But either way, the way to distinguish Fi vs. Fe is not what they're doing, but why they're doing it. If an INTJ friend/family member is being nice and polite to you, it's probably because Fi is telling him that's the right thing to do, from a purely personal/subjective moral standpoint, uninfluenced by any external standards of morality.

    It would only be Fe use if he's being nice to you because external social/cultural standards demand it, and he sees inherent value in aligning with that, regardless of what his subjective personal feelings say about it. Fe-ers will tend to suppress their own internal feelings about something if they can see that it's in the best interest of their cultural/social group as a whole. Fi-ers, if prompted to do something they personally feel is wrong, will very rarely go along with it, regardless of what anyone else thinks.
    Your conceptual understanding of F is convoluted and messed up. As I said before, it can be Fe (or any other function) whether you give it conscious thought or not. The bolded is basically bullshit, and a spewing of bad definition. There are much better and more valid definitions of Fe than that. I think your little definition of Fe up there ^ more aptly represents Fi ideas; you'd have to make yourself appear Fe, even though you are feeling Fi feelings. Think about it.

    The basic difference: Fe needs to know what other people important to the user think before making moral evaluations, and Fi doesn't. (In fact, Fi usually finds the idea of changing your moral view to fit that of others grossly inappropriate and offensive to its integrity.)
    Yeah, okay. Or Fe terts use Fe to appeal to the masses to spread their ideas and insights.

    Can you really imagine an INTJ asking the bolded question? It goes directly against that rugged sense of individualism that Z was talking about. Fi-ers tend to regard Fe as a fake, superficial way to give up control of your own feelings that lacks depth and integrity.

    Once again, look at why, not what. I've seen ESFPs lie to women about agreeing with their moral perspectives to try to get them into bed, but that doesn't mean they were motivated by Fe. Se+Te had ulterior motives and blocked out the Fi voice saying "This is fundamentally wrong!"
    That's just not even applicable. That's a manipulative behavior and a twisted, lying one at that.



    There is significant debate among Jungian scholars as to whether he actually intended to say that the tertiary is in the opposite direction of the dominant. Most of his work is directed at describing the functions themselves, and he didn't spend much time on talking about their order in real people. He was focused on describing each function in a dominant role by exaggerating its traits to show all the logical conclusions of that function having total control.



    Myers actually agreed with you, but many Jung students don't, as Jung was vague on this issue and doesn't seem to have definitely stated what he thought about it one way or the other. There is no definitively accepted interpretation about this.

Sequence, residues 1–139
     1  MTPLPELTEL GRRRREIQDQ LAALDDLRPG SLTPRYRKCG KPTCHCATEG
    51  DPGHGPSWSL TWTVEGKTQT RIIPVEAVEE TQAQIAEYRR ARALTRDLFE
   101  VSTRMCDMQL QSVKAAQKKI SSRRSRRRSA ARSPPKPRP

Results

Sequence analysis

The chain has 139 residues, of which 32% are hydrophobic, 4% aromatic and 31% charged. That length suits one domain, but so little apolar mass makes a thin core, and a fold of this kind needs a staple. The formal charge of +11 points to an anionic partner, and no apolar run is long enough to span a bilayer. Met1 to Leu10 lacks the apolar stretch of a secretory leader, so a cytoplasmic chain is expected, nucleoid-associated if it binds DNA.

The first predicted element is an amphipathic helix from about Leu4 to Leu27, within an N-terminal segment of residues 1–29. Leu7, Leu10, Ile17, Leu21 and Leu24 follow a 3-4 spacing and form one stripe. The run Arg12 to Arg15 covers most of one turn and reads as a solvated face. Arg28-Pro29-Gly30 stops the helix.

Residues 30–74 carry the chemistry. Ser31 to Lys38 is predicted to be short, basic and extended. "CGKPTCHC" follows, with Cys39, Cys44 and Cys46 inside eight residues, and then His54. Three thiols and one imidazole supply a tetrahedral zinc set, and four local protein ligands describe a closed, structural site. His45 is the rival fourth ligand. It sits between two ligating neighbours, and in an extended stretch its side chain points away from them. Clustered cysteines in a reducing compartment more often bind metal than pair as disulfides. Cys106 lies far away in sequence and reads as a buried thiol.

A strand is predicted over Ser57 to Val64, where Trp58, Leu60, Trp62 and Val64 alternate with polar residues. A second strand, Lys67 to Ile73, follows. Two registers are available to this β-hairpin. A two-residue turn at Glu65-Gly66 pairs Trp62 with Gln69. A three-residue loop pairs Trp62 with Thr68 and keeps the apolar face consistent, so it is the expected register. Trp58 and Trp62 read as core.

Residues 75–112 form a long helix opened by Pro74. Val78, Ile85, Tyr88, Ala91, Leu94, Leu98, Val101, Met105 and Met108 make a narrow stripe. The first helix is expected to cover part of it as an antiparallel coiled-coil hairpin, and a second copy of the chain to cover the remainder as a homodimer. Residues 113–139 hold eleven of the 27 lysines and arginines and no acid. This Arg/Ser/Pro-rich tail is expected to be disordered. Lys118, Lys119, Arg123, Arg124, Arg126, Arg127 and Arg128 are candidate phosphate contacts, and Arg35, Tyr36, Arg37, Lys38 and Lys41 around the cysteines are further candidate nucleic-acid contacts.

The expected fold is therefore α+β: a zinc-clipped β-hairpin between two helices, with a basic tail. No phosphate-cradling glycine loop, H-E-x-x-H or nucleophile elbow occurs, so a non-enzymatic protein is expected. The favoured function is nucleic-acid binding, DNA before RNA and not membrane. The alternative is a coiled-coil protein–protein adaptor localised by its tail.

Maybe when they finally release his Red Book, that'll shed some light on this.
    Oh, I thought it was out. Jung also thought he was an INTP, but some think he was an INTJ. Just because we see ourselves one way, does not mean we are that way. Even if Jung did see it that way, what does it really matter? It is up to us to take his work and theory further than he did. He understood that would, and should, happen.

    Furthemore, so Jung was more hung up on definitions and a philosophical approach to personality. That is even more reason why the field is wide open for function theory interpretations and hypotheses. His work has gaps, we know more now, there are more of us. Why not continue forth?
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  9. #79
    Freshman Member simulatedworld's Avatar
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    Quote Originally Posted by aphrodite-gone-awry View Post
    Some of my approach isn't necessarily deeper, some is. I believe I use more of a Te approach, that of reorganizing and redefining what exists, identifying where there are gaps (that can then be filled), and along the way, use lingo everyone can understand.
    What about that is characteristic of a Te mindset, exactly?

    Quote Originally Posted by aphrodite-gone-awry View Post
    I've already told you I'm leaning away from the tert aligned similarly to the dom, so you saying FiTe holds little to no validitiy for me at this time. I disagree. You use Fi, not Fe.
    In that case, you have no idea what Fi and Fe are, which is why I keep insisting that you don't know the function definitions. I don't believe that any ethics exist without external context to define them. In situations involving people and groups that are important to me, I adjust my emotional reactions to those of others in order to harmonize with the prevailing standard of that context. This is stereotypically Fe.

    The only principles I stick to rigidly regardless of external context are conceptual/logical ones regarding impersonal evaluations. This is what you see me sticking to dogmatically, and this is what you mistakenly believe to be Fi. This is also stereotypically Ti.

    If I were using Fi often, I would eschew such impersonal evaluation in favor of maintaining my personal, subjective, feeling-oriented values, and I would rarely consider adapting my emotional responses to those of other people. In Fi philosophy, all personal feelings and forms of self-expression of unique identity are sacred and expressing them honestly is always the right thing to do.

    Quote Originally Posted by aphrodite-gone-awry View Post
    No, the INFP disconnect results from the feeling aspect of our personalities, for the most part, and always has. I think it's highly cavalier of you to think you know best what an F aux has an issue with regarding an Fi dom. Just another illustration that you think you know everything better than anyone else.